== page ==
Attachment style, social support, and psychological adjustment among the elderly

Jacqueline G. Lanier

Abstract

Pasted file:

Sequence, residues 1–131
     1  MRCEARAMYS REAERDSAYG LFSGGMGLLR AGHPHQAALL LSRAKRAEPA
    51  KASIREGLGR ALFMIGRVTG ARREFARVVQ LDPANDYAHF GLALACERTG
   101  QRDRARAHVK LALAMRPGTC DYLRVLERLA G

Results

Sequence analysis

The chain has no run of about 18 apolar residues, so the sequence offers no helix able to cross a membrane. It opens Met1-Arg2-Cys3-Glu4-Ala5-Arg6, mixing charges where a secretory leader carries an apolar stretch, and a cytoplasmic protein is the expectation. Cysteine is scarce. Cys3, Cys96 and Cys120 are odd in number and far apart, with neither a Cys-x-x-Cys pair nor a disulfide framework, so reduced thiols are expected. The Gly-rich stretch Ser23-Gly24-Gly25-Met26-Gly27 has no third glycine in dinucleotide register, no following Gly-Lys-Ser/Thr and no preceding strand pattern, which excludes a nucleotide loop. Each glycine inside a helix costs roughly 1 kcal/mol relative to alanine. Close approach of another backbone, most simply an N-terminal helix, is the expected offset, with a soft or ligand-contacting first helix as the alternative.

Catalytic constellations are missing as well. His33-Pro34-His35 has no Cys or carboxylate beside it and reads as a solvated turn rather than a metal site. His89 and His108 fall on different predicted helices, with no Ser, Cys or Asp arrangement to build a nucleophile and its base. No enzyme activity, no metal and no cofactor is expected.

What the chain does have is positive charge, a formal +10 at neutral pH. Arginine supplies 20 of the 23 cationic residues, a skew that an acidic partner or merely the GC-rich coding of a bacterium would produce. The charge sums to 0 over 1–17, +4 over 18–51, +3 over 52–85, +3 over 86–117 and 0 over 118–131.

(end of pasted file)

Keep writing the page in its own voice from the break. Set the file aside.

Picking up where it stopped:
Elderly persons may experience significant changes in their lives, and adjustment to these various transitions has been related to the availability and utilization of social provisions. Specifically, individuals' positive perceptions of factors in social relationships such as intimacy, guidance, nurturance, and reassurance of worth has been related to higher self-esteem, well-being, physical health, and an internal locus of control. Because adequate social support appears to reflect a person's interpretation of receiving certain social provisions and may be influenced by past relationships with significant caregivers, attachment theory offers a viable avenue to examine the perception of self and others in relation to social support and adjustment in life. To date, there has been no examination of the elderly person's perceptions of self and others as related to social support. As a result, this study was designed to investigate the influence of attachments styles and social support of the elderly in relation to their self-reported psychological health. Conclusions of the study were that (a) the construct of attachment is applicable to persons in the later years of life; (b) working models of attachment appear to be a key component when examining an elderly person's capacity to utilize and access his or her social support system; (c) elderly persons with preoccupied and fearful working models may face more difficulties associated with challenges of old age; and (d) Bartholomew's model of adult attachment may be a viable conceptual framework for understanding the different ways persons may cope with growing older.